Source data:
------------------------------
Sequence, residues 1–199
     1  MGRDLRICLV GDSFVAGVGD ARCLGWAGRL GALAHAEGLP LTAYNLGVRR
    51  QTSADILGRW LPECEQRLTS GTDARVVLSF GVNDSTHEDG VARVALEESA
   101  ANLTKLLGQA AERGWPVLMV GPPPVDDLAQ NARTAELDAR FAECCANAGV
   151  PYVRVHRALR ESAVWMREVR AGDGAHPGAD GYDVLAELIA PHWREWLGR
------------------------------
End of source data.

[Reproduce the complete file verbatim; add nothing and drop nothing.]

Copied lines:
Sequence, residues 1–199
     1  MGRDLRICLV GDSFVAGVGD ARCLGWAGRL GALAHAEGLP LTAYNLGVRR
    51  QTSADILGRW LPECEQRLTS GTDARVVLSF GVNDSTHEDG VARVALEESA
   101  ANLTKLLGQA AERGWPVLMV GPPPVDDLAQ NARTAELDAR FAECCANAGV
   151  PYVRVHRALR ESAVWMREVR AGDGAHPGAD GYDVLAELIA PHWREWLGR